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Summary:

Despite the circlings of bad-news vultures and grave dancers, upstart Voice over IP provider Vonage isn’t knocked out yet, despite several legal bloodyings in its patent fight with telco giant Verizon. Where we are at now: Vonage can continue with business as usual, thanks to a […]

Despite the circlings of bad-news vultures and grave dancers, upstart Voice over IP provider Vonage isn’t knocked out yet, despite several legal bloodyings in its patent fight with telco giant Verizon.

Where we are at now: Vonage can continue with business as usual, thanks to a temporary stay granted by the U.S. Court of Appeals. The next big day on the legal calendar for Vonage is April 24, with oral arguments at the appeals court where the judge will decide whether or not the stay should be permanent, or whether the (lower) District Court’s injunction to keep Vonage from signing up new customers would stand. Either way, Vonage will be moving to appeal the original ruling that found it in violation of three Verizon patents. But the stay is the big item right now.

What happened recently: For starters, Vonage gave its CEO the heave-ho, and is waiting to report its quarterly numbers until the patent mess comes to some kind of resolution.

Why is there a patent mess? In part, because the VoIP industry wasn’t paying attention.

What might happen next? Could a successful Verizon start taking on other VoIP providers, especially the cablecos, whose numbers of VoIP customers already have passed Vonage’s? Some say it might happen, though some of our sources say providers like Comcast have their own rich patent portfolio (think video over phone lines) to trump any legal poker-playing by Verizon.

Our ongoing coverage of Vonage and Verizon can be found here.

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  1. It’s interesting how Verizon is still living in the 1990’s technology-wise, then goes after the competition AFTER losing their customers to the updated technologies which Verizon ISN’T providing!
    I am in a hi-tech office community in which Verizon can’t/won’t provide hi-speed services.
    1. dial-up has never gotten beyond 26.4
    2. Never had ISDN
    3. Can’t get DSL
    4. Not likely to see FiOS for several years.
    5. dedicated lines are cost prohibitive.

    Yet Verizon choses to continue to make it difficult to obtain alternative solutions.

    It should be interesting to see them attempt to take on Comcast, Time-Warner, & SBC

  2. Jeffrey Brown Saturday, April 28, 2007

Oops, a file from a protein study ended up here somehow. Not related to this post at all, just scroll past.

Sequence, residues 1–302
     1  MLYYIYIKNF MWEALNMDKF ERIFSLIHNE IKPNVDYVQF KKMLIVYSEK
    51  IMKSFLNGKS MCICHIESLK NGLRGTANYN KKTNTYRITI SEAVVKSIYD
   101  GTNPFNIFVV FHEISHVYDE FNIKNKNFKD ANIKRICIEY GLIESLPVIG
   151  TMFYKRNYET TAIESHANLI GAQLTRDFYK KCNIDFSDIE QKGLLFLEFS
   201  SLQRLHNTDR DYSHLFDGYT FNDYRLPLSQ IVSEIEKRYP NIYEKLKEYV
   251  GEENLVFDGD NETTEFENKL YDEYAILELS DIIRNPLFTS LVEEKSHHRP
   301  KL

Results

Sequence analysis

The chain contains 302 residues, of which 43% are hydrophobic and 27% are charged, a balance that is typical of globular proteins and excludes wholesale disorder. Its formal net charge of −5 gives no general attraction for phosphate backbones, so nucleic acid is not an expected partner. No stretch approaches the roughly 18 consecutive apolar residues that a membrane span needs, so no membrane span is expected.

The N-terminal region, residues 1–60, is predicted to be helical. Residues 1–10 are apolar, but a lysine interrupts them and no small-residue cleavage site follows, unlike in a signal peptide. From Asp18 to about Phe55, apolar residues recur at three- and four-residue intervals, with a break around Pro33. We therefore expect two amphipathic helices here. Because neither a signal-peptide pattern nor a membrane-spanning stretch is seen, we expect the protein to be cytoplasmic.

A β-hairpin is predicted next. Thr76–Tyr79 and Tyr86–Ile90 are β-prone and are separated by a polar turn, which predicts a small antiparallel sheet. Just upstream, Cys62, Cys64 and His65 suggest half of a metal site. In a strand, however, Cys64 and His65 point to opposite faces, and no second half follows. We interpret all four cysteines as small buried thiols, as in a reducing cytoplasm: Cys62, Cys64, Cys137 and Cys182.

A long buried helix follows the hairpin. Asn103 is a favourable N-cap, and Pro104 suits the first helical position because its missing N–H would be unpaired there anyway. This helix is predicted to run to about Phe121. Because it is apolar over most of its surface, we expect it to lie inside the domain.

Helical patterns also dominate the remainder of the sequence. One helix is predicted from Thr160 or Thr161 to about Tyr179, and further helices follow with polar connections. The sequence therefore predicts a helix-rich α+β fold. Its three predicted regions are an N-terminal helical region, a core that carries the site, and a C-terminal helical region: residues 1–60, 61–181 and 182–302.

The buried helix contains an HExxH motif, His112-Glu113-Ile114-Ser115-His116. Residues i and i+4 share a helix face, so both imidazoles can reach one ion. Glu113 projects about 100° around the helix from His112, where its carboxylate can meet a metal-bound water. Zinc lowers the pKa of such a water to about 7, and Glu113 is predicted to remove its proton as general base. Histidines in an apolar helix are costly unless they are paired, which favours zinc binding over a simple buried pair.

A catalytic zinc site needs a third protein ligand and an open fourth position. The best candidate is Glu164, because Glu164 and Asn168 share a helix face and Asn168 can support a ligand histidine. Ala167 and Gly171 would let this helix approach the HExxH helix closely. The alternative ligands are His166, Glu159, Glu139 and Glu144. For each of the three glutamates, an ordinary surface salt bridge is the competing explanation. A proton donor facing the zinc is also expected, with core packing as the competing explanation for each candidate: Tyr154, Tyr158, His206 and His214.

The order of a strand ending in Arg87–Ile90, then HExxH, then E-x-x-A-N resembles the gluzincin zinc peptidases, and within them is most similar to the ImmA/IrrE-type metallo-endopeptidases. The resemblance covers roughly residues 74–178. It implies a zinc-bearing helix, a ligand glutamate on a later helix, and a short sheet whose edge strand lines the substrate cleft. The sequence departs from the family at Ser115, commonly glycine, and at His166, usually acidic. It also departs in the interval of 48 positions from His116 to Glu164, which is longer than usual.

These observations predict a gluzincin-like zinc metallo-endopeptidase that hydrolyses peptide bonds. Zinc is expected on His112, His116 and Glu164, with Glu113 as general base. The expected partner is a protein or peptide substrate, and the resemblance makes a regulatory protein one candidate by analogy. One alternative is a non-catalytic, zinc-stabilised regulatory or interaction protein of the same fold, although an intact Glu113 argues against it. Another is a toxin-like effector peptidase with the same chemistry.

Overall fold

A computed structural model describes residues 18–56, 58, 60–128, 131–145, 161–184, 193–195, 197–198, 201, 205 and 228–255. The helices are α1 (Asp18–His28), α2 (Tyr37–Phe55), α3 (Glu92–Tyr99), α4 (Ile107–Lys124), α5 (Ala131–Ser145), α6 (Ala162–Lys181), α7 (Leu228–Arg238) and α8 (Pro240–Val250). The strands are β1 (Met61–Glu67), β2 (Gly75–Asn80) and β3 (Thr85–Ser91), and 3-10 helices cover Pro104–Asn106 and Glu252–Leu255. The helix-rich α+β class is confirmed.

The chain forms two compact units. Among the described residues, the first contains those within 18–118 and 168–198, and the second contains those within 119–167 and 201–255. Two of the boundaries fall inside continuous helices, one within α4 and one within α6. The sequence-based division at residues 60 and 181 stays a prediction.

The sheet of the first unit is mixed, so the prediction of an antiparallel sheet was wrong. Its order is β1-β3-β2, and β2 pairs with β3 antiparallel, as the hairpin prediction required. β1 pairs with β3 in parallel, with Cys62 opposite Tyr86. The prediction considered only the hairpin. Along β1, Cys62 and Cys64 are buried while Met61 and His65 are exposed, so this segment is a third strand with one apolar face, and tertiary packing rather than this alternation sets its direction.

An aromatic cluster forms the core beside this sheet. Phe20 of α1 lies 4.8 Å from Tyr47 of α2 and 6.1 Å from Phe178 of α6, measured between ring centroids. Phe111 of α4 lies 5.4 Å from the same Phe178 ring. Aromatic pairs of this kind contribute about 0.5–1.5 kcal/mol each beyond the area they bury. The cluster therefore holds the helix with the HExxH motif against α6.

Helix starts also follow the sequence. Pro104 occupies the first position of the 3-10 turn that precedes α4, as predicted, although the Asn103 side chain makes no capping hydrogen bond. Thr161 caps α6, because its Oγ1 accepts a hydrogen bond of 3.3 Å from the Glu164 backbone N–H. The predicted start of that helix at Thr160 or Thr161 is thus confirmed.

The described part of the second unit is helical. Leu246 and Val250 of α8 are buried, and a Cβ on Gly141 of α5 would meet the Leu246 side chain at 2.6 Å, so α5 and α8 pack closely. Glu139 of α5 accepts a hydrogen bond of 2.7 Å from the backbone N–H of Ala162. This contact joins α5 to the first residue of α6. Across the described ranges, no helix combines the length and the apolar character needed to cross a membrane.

I think that Vonage has a real good service going and Verizon needs to get up to date. I think if Verizon took some time to understand the up to date technology, the great deals being offered to consumers, and the quality of the service that Vonage is offering. Then, Verizon could get some more innovative ideas to help their revenue increase. I think it would be a good idea if vonage and verizon merged and came up with a business strategy to increase the quality of there services for the consumers. In which will increase the revenue for both companies. Happy customers would lead to Happy companies. Instead of Verizon trying to take them down. Just doesn’t look good to me. I have both services but if Vonage where to come up with a wireless service, I more than likely would leave verizon even though I have longevity with verizon. It really doesn’t matter because I really am happy with my Vonage phone servies. I am military and I’m stationed overseas. Vonage made it possible for me to keep intouch with my family in the states everyday. And my friends all over the world. For that I am grateful. I am going to continue to use Vonage even when I return to the states because I am so pleased with their services.

  3. GigaOM Vonage: The Last Stand « Monday, June 25, 2007

    [...] Vonage, the beleaguered VoIP service provider is in court today, trying to defend its position that it doesn’t infringe on Verizon’s patents. If Vonage loses, then things get really tough for the company, which [...]

  4. Surprise! Limelight Will Appeal Akamai’s $45.5M Patent Win – GigaOM Friday, February 29, 2008

    [...] to Washington’s U.S. Court of Appeals. For a program guide to how this may play out, see our previous coverage of the Verizon/Vonage patent lawsuit. Share/Send Sphere Print Previous [...]

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